Parents Are More Likely to Slack on Baby Safety When They Travel

According to new research, parents are inclined to slack off on safety while they're traveling—are you guilty of that this holiday season?

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It's only natural that you ease up on some of your parenting rules when you travel around the holiday season—maybe you let your little one stay awake past his bedtime, or maybe you allow her to eat Christmas cookies for breakfast just once. But while it's fine to bend the rules a little bit for special occasions, you should always do your best to uphold practices that keep your child safe.

Unfortunately, it's not uncommon for parents to slack off on safety measures while they're on vacation, at least if recent research is any indication. The report comes from the University of Michigan C.S. Mott Children's Hospital and finds that parents tend to overlook things like car seat use and proximity to medications, cleaning supplies and weapons while in unfamiliar lodging.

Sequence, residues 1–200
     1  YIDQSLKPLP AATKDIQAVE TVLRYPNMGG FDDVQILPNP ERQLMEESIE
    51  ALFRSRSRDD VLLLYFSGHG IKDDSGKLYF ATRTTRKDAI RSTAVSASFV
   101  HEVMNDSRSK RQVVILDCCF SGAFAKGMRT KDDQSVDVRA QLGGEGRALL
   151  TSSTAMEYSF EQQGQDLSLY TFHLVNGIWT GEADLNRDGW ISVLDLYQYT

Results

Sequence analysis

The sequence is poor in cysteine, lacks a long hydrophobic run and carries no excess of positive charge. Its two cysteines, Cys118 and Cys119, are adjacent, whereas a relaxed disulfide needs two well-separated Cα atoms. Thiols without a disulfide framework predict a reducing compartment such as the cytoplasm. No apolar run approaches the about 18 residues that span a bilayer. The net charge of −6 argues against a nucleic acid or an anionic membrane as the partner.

Researchers polled the parents of children aged two to five to come to this conclusion, questioning parents about their habits while traveling. A whopping 15 percent admitted that don't always put their children in car seats when traveling—especially when riding in cabs or Uber/Lyft cars. About three-quarters of parents surveyed said they properly stored medications when traveling with their toddlers, and two-thirds remember to check for improperly stored cleaning products or weapons. 

"Parents are typically vigilant about safety measures, making sure toddlers are always in car seats and that medications and cleaning supplies are locked up or out of reach. But they may be less fastidious while on vacation, leaving medications in open suitcases or on hotel tables or not childproofing a relative's house," the poll's co-director Sarah Clark, M.P.H.says, according to Science Daily. "It's important that parents are just as attentive to child safety risks on trips as they would be at home."

The researchers suggest renting or packing a car seat while on vacation, asking friends or relatives you might be staying with to stash medications and weapons safely, and thoroughly scanning the space where you are staying while on vacation to identify anything that might pose harm to your little ones.

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